It’s not enough to prepare for a sales call with general industry knowledge. Sellers need business acumen: a customer-specific grasp of business objectives and the metrics a customer uses to measure success.
Sellers need these insights in order to be agile in conversation and adjust their talking points as needed to address the motivations of different executives. That’s how they can position themselves — and the companies they work for — as true partners in success.
As it stands, only 20% of salespeople are prepared to offer any real value during a sales call. For sales leaders, it’s essential to develop their teams’ business acumen so that sellers are equipped to develop ongoing relationships with customers.
Business acumen brings credibility. A seller who can range around in a conversation, listening for cues to shift to different business priorities and genuinely landing on the executive’s radar, will be invited back for further meetings.
This savvy also allows sellers to engage around the entire sales cycle and open up opportunities throughout. When sellers can see things from a customer’s perspective, they become trusted advisors.
Sales leaders can build their teams’ business acumen by facilitating the following steps:
1. Gather deep industry knowledge. It’s not enough to have company-specific information; sellers need a working knowledge of their customers’ industries as well. It goes beyond “show me you know me” to being able to demonstrate exactly how a product or service will benefit a business — or, more to the point, the person seated across the table or fielding the call.
Sellers need to gather in-depth information about prospects and customers. Hit up social channels, read their 10-Ks, and keep up with industry press to know what’s going on right now: What are prospects’ recent struggles? Successes? Competitors? Customers they serve? What are the personas and demographics? All this information can provide context, allowing the seller to speak directly to prospects’ pain points and develop custom solutions for their businesses.
2. Develop the skills to secure a meeting. Of all the skills to master as salespeople, getting introductions tops the list. In fact, 70% of customers value “connected processes” — contextualized engagements. Think of it as a seamless hand-off between a person in the seller’s network and a decision maker at a company.
Introductions entail more than the introduction itself. They also involve a strong point of view and the right questions to ask so that the customer executives open up about their businesses. It’s all about being relevant and bringing value to the conversation.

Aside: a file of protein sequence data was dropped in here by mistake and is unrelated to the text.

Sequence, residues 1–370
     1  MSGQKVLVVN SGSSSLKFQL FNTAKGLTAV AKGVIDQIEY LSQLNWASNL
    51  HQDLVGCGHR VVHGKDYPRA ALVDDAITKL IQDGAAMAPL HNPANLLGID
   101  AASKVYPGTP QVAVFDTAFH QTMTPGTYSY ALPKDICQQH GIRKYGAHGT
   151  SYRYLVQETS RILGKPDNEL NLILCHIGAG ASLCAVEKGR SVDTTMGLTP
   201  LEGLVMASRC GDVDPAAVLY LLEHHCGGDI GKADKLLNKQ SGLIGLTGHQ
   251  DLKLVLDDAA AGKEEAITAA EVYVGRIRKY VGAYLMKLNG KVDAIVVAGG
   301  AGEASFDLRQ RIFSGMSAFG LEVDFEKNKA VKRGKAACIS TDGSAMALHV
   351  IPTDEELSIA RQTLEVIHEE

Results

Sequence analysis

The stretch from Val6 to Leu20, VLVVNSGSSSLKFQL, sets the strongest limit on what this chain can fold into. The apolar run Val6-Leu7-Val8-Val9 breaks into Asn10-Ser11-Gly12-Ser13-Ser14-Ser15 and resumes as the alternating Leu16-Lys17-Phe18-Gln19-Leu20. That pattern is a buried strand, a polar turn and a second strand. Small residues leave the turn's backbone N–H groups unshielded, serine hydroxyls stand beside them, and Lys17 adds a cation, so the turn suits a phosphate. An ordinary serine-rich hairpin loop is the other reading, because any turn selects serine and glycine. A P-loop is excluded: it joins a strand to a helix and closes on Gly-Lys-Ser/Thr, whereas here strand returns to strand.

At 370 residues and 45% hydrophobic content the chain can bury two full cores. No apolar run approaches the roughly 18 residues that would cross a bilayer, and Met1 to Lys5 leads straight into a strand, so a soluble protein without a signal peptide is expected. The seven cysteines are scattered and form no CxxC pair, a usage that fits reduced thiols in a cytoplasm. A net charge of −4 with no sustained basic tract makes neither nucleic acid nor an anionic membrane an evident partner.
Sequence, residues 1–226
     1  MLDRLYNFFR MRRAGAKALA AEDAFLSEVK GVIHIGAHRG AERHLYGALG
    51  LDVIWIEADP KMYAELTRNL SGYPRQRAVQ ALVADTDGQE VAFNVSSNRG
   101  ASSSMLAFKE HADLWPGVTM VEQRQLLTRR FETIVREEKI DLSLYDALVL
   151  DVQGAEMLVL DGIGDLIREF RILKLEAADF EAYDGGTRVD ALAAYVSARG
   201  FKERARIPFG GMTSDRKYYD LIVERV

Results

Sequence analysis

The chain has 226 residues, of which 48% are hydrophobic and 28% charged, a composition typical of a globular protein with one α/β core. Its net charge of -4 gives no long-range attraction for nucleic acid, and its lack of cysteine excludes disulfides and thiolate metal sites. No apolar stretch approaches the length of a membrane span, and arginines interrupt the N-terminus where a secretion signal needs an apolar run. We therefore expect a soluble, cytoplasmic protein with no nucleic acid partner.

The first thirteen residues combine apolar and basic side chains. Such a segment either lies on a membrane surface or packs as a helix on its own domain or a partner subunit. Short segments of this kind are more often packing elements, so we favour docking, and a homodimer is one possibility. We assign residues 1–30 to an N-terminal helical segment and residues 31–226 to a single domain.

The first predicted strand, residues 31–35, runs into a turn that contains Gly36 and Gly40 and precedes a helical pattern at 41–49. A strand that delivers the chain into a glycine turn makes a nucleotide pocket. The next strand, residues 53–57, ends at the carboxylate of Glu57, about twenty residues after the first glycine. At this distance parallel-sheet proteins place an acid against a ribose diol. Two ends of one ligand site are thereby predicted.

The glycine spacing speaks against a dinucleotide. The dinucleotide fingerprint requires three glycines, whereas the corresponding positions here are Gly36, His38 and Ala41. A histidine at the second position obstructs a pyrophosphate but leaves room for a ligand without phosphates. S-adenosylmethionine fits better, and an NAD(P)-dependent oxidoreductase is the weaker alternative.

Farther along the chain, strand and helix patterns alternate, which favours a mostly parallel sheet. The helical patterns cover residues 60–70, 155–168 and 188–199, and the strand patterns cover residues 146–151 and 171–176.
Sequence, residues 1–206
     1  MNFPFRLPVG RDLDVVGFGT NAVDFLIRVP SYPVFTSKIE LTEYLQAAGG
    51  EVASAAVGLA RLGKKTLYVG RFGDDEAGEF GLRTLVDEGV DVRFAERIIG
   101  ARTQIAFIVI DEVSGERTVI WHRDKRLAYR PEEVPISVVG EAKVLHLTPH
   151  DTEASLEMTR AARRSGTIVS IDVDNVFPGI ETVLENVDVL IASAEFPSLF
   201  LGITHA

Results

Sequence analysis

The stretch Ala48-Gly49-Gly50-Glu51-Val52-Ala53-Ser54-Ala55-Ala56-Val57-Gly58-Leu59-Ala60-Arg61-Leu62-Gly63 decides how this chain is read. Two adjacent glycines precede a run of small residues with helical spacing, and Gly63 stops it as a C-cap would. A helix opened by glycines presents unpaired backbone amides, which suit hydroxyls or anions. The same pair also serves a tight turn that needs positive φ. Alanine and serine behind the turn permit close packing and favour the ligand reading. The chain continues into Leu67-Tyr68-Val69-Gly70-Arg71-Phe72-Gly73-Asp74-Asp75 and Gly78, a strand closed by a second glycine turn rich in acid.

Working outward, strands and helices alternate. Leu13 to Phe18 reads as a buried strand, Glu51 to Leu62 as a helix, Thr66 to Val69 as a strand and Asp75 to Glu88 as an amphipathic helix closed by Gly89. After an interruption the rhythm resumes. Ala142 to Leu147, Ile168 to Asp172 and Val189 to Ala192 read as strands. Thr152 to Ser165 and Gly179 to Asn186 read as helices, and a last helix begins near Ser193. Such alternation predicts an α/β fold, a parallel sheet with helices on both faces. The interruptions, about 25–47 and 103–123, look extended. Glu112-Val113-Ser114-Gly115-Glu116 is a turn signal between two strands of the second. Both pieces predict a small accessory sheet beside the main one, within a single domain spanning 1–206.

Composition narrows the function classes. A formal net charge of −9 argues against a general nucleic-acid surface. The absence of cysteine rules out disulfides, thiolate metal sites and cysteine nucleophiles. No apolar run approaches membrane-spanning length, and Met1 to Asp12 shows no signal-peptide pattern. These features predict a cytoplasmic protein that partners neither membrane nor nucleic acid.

3. Understand customers’ metrics. Many salespeople enter the room with some understanding of a customer’s business challenges. Not as many come in with knowledge around the financials, initiatives, and KPIs used to measure success. Knowing how an executive will measure success lets a seller speak to those points specifically.
The seller must focus on the customer by offering assistance, following up regularly, and even helping to strategize next steps. The goal here is to ensure that the customers adopt the company’s products or services and see its business value. After all, their success will encourage additional purchases and a stream of revenue over time.
4. Pair the offer with the value proposition. Sellers need to have an offer that’s helpful or valuable. They need to know the products or services that will address the customer’s business challenges.
These discussions should carry over into training and enablement. One way to prepare sellers is through simulations, which let customer-facing teams immerse themselves in a customer’s challenges. Being on the inside of a business allows sellers to become more intuitive and develop custom solutions for current customers. And practice, whether with a seller’s manager or a professional coach, helps sellers to develop confidence in a safe environment.
Business acumen opens up the playing field for sellers, whether that’s through a new opportunity, greater customer success, or increased influence with a different executive within the customer’s business. Conversational agility and opportunity will give sellers the consultative skills that foster successful relationships.
Barbara Adey is vice president and head of the U.S. sales and marketing practice at BTS, an organization that works with leaders at all levels to help them make better decisions, convert those decisions to actions, and deliver results.